I wasn’t planning to blog about seeing X Japan at the Wiltern. I don’t want to become just another music reviewer who gives concert recaps that nobody reads or gives a crap about.
I mean, really, what can you say about seeing a band you thought you’d never see because they broke up years before under exceedingly tragic circumstances?
But then, this is X Japan. And I am a writer.
The leader and composer of X, you see, is this guy named Yoshiki. And I’ve written about him more than anyone or anything on the planet.
I even get sick of writing about him. But I can’t help it.
He’s just there.
He’s essentially my Dorian, Laura, Eurydice, Harlem, Godless vanity, and tiny town in Maine, all in one—that is, if I were fortunate enough to be Basil Rathbone, Petrarch, Orpheus, Langston Hughes, Sartre, or Stephen King.
Everyone needs a muse, right?
Yoshiki is mine.
He’s dedicated to music, perhaps overly dedicated, and produces, writes songs, and owns a record company. He’s a bit of a workaholic. He only sleeps about five hours of the day. He carries staff paper everywhere and has a stereo in every room of the house. He writes melodies in his head in the shower. On off days he shuffles around the house in slippers and a turtleneck. He wakes up and plays piano; he plays piano and goes to sleep. He wears wrist braces for tendon problems. He drinks, chain smokes, and wears sunglasses indoors. He has a little pooch in his tummy from drinking too much.
I think I have a right to write about X reunited [after ten years] because of my continued loyalty. See, the deceased [from suicide] lead guitarist, hide, is the band member you’re supposed to obsess over. Of course, I adore him. And I want to say I missed him at the concert. But there were so many plushies and tributes and love and general memory of him that I didn’t get the sense that he was missing at all.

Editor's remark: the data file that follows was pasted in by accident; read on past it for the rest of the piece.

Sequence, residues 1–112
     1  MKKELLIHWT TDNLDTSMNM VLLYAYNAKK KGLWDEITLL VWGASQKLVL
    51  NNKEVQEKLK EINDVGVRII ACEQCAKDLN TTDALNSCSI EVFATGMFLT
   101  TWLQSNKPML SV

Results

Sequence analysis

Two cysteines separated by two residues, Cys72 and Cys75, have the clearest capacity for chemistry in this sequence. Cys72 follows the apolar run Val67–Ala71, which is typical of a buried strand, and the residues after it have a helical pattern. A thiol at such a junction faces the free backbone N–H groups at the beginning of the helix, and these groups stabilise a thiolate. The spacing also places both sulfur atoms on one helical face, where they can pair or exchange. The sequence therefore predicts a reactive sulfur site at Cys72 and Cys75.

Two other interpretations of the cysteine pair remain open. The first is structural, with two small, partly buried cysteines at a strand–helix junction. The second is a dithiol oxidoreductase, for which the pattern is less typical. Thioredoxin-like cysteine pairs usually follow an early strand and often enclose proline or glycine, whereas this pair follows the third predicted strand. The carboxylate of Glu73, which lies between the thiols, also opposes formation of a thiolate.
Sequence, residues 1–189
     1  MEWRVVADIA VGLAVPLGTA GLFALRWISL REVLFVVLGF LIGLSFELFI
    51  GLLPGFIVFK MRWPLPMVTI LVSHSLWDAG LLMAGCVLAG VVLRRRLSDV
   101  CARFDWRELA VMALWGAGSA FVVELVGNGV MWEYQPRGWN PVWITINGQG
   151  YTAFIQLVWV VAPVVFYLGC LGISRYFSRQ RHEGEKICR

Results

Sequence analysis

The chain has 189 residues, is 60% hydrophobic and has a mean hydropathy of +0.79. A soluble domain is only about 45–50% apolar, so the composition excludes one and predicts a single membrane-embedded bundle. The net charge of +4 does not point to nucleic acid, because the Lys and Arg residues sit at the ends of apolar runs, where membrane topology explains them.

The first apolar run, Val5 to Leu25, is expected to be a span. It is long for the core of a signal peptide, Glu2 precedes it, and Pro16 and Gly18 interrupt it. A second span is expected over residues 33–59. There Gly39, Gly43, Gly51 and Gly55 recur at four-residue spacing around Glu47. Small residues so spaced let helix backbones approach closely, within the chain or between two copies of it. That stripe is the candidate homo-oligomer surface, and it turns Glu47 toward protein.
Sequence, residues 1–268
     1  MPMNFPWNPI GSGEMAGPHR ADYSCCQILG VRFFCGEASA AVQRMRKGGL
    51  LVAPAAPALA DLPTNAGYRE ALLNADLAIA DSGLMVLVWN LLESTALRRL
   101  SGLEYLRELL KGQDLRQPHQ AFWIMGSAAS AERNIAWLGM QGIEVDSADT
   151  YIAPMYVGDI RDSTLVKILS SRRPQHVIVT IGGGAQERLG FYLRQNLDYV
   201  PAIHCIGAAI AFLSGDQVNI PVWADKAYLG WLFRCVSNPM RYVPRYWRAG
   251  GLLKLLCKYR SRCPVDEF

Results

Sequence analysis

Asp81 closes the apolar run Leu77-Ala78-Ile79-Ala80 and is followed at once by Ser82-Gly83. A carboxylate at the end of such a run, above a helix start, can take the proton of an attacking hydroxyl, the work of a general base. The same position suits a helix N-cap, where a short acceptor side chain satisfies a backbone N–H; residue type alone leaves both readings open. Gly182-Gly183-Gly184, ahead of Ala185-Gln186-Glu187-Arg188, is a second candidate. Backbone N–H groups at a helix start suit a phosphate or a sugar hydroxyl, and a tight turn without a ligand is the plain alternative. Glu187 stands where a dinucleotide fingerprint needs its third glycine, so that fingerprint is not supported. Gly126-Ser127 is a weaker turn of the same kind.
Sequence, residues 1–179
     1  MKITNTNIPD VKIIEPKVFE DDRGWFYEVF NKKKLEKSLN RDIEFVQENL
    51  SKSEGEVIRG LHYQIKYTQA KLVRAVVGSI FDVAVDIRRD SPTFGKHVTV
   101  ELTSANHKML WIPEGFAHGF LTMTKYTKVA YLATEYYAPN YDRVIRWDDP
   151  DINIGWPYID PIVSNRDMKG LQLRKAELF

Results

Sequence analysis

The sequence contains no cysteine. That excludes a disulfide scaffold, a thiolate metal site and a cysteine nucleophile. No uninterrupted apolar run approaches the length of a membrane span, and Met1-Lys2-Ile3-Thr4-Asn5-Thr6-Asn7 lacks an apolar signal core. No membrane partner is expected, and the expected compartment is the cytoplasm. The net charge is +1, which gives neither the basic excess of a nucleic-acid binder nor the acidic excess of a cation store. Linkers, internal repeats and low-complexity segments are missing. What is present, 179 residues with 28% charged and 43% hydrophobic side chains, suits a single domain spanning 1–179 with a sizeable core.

And really? This was about Yoshiki, for me. And Toshi singing, and Pata, and Heath, and Sugizo, who somehow fits so perfectly into the lineup it’s like he was meant to be there.
When I first saw the ‘Tears’ video montage a decade ago, I went home and wrote a page in my journal, and I was on all counts shaking with emotion. I couldn’t take it. I couldn’t handle this all-encompassing, beautiful, brilliant band. I couldn’t handle the sight of someone like Yoshiki.
I tried to meditate, to calm down, but my heart wouldn’t stop, my legs wouldn’t stop, my hands still won’t stop…
Apparently I still can’t. Because this show turned me into some kind of drunken, weightless, whirling pixie. I forgot myself. I screamed. I sang in Japanese and lost my voice. I put my hands to my mouth, at times, just looking at the stage, like I was praying, except that I don’t believe in God. Or if I do, I don’t believe he’s worthy of prayer.
I had ended up with a pit ticket, somehow. I haven’t been in a pit in years. I felt fifteen again.
I must have lost 20 pounds. I blame ‘Kurenai’. And the fact that they closed with ‘Art of Life’, then did the soundtracked encores like they had during the days of DAHLIA.
Yoshiki is a crazy bastard, and I love him. But I was NOT expecting his forty-five year old, three-neck-surgeried self to stagedive right on top of us. Seriously, Yoshiki? Seriously? YOU’RE GOING TO DIE. Or get raped. Or SOMETHING.